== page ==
Sometime just prior to Halloween I heard my first Christmas carol of the season. It flipped a switch inside of me and I was ready for Christmas.
Of course, my gifts weren't purchased and I was pleasantly surprised to feel 40 degree days rather than the 4 below I was expecting, but all through November I waited anxiously for the snow and for the rest of the world to be ready to play Christmas songs.
Yet now it's the night before Christmas, the tree is decorated, the gifts are wrapped, the last of the cookies are in the oven, and the snow gently falling. But I am ready to put on the brakes.
Christmas isn't the most wonderful time of the year when you're unemployed. Rather, it's a brutal reminder of your lack of income, your need to pinch every penny, and your wreath decorating your parents' home rather than your apartment.
Giving up isn't an option, but hope is fleeting. Still I pray "Thy will be done" and "Send me." Still I have a nice collection of rejection letters.
I don't mean to be all doom and gloom, but, honestly, singing "It's the Most Wonderful Time of the Year" is lying through my two front teeth.
I try not to linger too long in this world of overwhelming pessimism. Life is hard right now, and I'm sick of repeating myself about my failing job search. I'm well beyond ready to talk about something else.
So let's talk about some other people whose world may have also seemed overwhelmingly pessimistic.
Mary. She's pregnant and engaged but her fiancé isn't the father. I bet she got sick of trying to explain that.
Joseph. Someone else impregnated his betrothed. Well, isn't that a sticky situation?
Herod. Some baby is lobbying for his throne (or so he thinks).
The inn keeper. The "No vacancy" sign is illuminated yet still there's a very, very pregnant woman and her man on the front porch.
The sheep, oxen, and other stable animals. Um, hello, there's a baby in their breakfast bowl.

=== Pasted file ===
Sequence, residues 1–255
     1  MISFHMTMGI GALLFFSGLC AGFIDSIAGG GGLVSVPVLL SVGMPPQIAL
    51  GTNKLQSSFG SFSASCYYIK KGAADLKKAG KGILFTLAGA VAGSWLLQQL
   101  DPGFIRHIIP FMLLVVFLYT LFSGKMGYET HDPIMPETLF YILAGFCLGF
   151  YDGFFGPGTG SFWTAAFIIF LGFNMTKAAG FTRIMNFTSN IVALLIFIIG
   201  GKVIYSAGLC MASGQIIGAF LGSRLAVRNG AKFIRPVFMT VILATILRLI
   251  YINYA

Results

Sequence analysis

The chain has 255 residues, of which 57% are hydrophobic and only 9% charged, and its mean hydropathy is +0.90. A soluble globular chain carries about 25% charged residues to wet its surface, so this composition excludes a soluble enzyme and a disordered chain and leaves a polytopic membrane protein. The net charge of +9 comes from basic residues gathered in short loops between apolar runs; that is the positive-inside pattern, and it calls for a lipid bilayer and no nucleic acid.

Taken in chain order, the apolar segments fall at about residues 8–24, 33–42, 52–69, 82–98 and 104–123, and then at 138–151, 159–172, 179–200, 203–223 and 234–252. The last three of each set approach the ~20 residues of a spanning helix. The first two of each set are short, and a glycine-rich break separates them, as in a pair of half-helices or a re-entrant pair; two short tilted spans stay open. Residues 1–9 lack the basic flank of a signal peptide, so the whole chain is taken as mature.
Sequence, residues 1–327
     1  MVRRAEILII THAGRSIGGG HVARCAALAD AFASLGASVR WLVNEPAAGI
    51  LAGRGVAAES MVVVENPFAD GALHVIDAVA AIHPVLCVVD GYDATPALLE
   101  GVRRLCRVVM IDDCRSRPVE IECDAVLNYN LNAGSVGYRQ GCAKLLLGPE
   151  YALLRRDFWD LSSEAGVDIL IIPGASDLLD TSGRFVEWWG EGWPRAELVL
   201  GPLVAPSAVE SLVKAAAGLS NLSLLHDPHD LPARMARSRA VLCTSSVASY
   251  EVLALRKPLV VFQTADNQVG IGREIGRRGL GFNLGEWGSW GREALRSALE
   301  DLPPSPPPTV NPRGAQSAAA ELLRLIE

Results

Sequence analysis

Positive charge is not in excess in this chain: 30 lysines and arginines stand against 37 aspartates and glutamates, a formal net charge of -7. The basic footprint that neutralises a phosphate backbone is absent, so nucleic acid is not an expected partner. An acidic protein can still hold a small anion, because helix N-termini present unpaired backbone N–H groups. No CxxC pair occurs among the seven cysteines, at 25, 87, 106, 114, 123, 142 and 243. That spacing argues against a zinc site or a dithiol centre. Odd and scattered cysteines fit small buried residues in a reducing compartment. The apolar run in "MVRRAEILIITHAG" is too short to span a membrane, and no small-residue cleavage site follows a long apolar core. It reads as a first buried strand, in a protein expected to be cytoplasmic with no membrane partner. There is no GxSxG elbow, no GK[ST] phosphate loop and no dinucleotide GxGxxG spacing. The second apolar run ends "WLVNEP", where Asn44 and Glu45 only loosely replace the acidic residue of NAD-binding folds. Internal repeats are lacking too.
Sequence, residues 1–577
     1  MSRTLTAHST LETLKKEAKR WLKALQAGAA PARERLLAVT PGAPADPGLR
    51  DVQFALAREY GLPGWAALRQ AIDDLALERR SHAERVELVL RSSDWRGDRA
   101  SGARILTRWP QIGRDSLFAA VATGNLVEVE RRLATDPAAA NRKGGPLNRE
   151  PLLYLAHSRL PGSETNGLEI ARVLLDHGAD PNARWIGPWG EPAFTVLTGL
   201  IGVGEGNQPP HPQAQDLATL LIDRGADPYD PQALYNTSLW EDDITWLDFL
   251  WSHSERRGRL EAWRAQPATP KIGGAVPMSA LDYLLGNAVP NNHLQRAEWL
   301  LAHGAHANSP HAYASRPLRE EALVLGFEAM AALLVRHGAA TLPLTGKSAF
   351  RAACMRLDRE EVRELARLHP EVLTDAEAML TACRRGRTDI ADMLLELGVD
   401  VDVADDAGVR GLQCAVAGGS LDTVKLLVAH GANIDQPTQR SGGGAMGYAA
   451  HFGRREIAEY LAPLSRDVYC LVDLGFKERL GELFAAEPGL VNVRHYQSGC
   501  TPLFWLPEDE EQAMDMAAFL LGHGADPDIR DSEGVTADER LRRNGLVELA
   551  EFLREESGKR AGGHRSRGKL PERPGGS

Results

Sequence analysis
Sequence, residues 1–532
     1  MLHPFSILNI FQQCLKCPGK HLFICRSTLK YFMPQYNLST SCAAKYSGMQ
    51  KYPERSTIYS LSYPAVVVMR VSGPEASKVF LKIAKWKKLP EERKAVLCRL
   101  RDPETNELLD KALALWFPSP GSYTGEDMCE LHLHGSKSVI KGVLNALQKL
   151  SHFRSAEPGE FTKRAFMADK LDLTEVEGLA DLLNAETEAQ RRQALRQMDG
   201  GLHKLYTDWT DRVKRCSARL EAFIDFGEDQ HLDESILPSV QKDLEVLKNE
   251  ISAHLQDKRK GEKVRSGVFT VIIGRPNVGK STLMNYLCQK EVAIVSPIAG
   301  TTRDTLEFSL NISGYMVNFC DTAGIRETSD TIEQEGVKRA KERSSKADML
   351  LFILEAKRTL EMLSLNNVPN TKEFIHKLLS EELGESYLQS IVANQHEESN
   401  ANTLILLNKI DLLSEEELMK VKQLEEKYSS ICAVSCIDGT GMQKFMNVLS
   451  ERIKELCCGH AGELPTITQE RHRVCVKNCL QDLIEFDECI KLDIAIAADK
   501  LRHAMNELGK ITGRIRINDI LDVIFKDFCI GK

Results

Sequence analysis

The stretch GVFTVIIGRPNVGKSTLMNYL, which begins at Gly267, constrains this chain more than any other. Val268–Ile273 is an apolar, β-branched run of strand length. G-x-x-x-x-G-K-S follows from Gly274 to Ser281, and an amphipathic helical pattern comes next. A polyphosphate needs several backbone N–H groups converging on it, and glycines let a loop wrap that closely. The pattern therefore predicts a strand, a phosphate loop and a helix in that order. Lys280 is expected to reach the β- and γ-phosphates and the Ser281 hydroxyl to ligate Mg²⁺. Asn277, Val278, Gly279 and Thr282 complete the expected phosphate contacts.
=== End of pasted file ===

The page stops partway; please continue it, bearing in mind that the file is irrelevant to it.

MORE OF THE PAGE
Jesus. God Himself is being shoved into the skin of an infant. Ouch.
The Christmas story is not exactly what the Jews were expecting. Nope, rewind. Christmas was absolutely nothing like what the Jews have been anticipating, the hope-filled stories they've been passing down for generations.
A king was supposed to come to rescue them. Fallen cities would be restored, a temple would be rebuilt, death would be destroyed, and peace truly would exist on earth.
The long-awaited Messiah... a baby. It didn't make sense.
Emmanuel--God with us---is sleeping in a dirty cow trough.
Yup, definitely not the most wonderful time of the year.
I'm so glad Mary, Joseph, Jesus, the shepherds, et al. didn't call it quits, didn't tell God how to do His job. Even in these less than ideal conditions, hope shone brighter than the star illuminating the sky.
Like the shepherds, I am willing to drop everything and sing praises to the One who deserves them.
Like the inn keeper, I offer all of what I have, even if it doesn't seem like much.
Like Joseph, I desire to be obedient even when it looks very different than I expected.
Like Mary, I want to be faithful to what God has asked of me
Like Jesus, I seek to do what needs to be done no matter how uncomfortable, how agonizing it may be.
And, unlike Herod, I am not going to take matters into my own hands.
Maybe the most wonderful time of the year doesn't mean a walking in a winter wonderland.
Maybe it means hope and anticipation for something new. It means finding peace and comfort in God's promise never to abandon us. It means joy even in life's less than comfortable moments. It means resting in the loving arms of the Father.
The most wonderful time of the year is any moment when you remember that Christ truly is Emmanuel, God with us, both now and forevermore.